Baida Roti is a delicious stuffed bread, an egg and meat parcel that hails from the Awadhi cuisine of Lukhnow. The cuisine is greatly influenced by the Mughal cuisine and shares cooking patterns with Central Asia, Kashmir, Punjab and Hyderabad. The food is known for it’s refinement and richness as initially created for the elite of the city ( nawabs) by their rakabdars ( gourmet cooks). From royal spreads to being a popular street food, Baida Roti has survived the test of time.

This scrumptious recipe makes a packet of stuffed bread that has a meat mixture and omelette inside, and is then coated in egg and shallow fried on low heat till crispy and golden on outside. The end product gives you layers of crunch and flavours in each bite.

Baida Roti is traditionally filled with mutton mince but I have tried it with a number of other vegetarian and non vegetarian fillings and have never been disappointed. Our family favourites are with chicken mince or paneer cheese. You can also stuff the bread with your favourite vegetable dry curry or make it just with eggs. I have even tried a sweet version with honey and dried fruit inside that tasted seriously yummy!

What I like most about this recipe is that you can create a fabulous breakfast with whatever is there in your kitchen and pantry. You can use even left over to fill into the bread parcel and it makes a perfect, nutritious and filling meal for the lunchbox.

You can make this bread with whole wheat flour or gluten free flours too, though the one made with plain flour turns out crispier and flakier. It’s a great way to use up left over rotis.


For Roti:

1+1/2 cup plain or whole wheat flour
1 teaspoon oilve oil
A pinch salt
1/4 teaspoon baking powder
Water to knead the dough
2 teaspoons olive oil for frying

For Chicken:

1 cup chicken mince
1 small onion
1 tablespoon ginger garlic paste
1/2 teaspoon red chilli powder
1/2 teaspoon salt or to taste
1/2 teaspoon cumin powder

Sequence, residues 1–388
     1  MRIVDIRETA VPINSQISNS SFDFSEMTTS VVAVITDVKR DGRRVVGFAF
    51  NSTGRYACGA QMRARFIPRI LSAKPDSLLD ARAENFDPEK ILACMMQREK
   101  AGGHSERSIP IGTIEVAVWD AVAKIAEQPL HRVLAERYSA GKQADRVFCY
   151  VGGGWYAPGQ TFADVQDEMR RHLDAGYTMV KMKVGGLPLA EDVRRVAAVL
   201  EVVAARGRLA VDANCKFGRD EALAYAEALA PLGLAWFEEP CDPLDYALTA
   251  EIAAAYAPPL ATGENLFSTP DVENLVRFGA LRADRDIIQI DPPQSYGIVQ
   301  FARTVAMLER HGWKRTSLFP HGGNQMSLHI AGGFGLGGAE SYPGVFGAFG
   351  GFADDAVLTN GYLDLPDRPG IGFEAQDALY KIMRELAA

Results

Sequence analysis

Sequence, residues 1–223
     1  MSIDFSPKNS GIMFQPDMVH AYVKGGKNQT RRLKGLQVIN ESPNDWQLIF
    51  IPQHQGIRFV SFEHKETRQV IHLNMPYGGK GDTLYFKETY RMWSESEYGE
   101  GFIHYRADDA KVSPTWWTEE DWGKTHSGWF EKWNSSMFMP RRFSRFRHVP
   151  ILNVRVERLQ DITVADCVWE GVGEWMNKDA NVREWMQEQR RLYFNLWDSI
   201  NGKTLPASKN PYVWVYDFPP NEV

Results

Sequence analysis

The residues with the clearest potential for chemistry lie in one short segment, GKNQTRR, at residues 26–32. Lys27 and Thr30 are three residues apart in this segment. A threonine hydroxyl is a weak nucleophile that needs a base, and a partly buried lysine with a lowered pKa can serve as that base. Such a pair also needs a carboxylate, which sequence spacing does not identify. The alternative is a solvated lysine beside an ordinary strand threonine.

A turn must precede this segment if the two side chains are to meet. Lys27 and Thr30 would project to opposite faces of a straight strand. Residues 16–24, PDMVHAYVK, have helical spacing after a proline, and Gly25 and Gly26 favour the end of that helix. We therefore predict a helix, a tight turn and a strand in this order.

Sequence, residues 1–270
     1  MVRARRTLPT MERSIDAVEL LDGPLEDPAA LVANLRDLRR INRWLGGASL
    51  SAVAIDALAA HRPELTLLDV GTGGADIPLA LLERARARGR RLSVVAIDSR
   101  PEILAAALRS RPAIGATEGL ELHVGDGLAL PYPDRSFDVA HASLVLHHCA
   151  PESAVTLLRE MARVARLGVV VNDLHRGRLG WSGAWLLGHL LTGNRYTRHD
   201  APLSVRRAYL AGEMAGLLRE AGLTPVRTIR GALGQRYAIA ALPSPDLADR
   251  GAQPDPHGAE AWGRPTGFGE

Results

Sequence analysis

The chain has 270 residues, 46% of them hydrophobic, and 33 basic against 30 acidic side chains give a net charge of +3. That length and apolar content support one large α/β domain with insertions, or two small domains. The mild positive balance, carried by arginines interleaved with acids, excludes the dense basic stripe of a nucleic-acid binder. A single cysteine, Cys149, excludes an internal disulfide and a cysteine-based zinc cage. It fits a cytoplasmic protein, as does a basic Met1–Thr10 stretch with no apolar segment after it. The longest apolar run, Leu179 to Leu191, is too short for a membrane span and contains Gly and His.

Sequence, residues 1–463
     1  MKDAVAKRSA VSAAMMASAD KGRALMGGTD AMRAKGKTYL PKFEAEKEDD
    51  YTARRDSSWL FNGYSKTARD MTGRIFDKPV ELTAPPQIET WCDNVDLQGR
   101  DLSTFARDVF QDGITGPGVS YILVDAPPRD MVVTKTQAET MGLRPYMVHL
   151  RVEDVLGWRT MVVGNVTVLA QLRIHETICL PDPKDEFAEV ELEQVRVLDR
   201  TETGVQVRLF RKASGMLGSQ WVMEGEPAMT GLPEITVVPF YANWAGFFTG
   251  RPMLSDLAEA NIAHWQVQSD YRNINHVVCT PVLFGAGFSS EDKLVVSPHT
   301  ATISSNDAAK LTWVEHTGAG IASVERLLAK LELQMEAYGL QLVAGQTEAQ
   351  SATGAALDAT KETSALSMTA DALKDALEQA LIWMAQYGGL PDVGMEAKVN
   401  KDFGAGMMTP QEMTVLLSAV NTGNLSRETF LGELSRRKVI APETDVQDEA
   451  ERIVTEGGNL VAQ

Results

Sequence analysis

A small bunch coriander chopped
1 green chilli pepper chopped
1 tablespoon olive oil

For Egg Mix:

4 egg
A pinch salt
1/2 teaspoon black pepper

This Is What You Do:

Mix plain flour, salt and baking powder in a kneading bowl. Add olive oil. Add water gradually to make a soft but firm dough. Cover and set aside for 15-20 minutes.

Meanwhile prepare the stuffing. Heat oil in a frying pan, add onions and fry till golden. Add ginger garlic paste and chicken mince. Sauté for 3-4 minutes or till the mince changes colour.

Add salt, red chillies, cumin powder and a little water. Cook covered for 5-6 minutes or till the mince is done and all the liquid is dried out. Turn off the heat, stir in the chopped coriander and green chillies.

Beat eggs in a deep plate or wide mouthed bowl. Season with salt and pepper.

Briefly knead the dough once more. Divide into four equal portions and make small balls. Flour the work surface and roll them out into thin rotis or flat breads.

Heat a skillet, tawa or frying pan on very low heat, lightly grease with oil.

Place 1/4 part of the mince mixture in the centre of a roti, pour a spoonful of omelette mixture on top. Fold the edges of the roti on top to make a square or rectangular parcel.

Dip the parcel in the egg mixture to coat it on all sides completely and place on the frying pan. Repeat with the rest of the rotis.

Fry the parcels till golden and crisp on one side, flip and repeat. Don’t fry on medium or high heat or the egg inside won’t cook thoroughly.

Serve hot for breakfast or with some fresh salad and cucumber raita for a complete meal. Makes a great tea or after school evening snack too.

Serves 4

10 Replies to “Baida Roti, Bread Parcels”

    1. Thank you so much, dear Kushi 🙂 The best thing is there can be many filling options, specially vegetarian 🙂

    2. Dear Maria

      Very yummy indeed, could you please do pictures of each step, will make it alot easier for us


      1. Thank you so much Amna! 🙂 The layout of my blog page doesn’t have multiple pictures options but I’m sure the recipe is very easy to follow 🙂 If you still have some issues while making, I’m here to help 😉

    1. Thank you so much for stopping by the blog and taking time to comment, Chef Ateeq 🙂 I really appreciate it 🙂

  1. I love your recipe even if I’d add no garlic :))
    I think you know phyllo dough very well. It could be interesting to test this recipe with it and quick to do

    1. Haha! :)) by now I know that you automatically exclude garlic from recipes, dear Loretta 🙂 But I’m sure you can add any f your favourite herbs to enhance the flavour in it’s place. I’m not sure what would be the texture of phyllo pastry like after being dipped in egg mixture but no harm in trying, right 🙂 I think puff pastry would work better for this recipe perhaps.
      A million thanks for stopping by the blog. It’s always fun discussing a recipe with you my friend.

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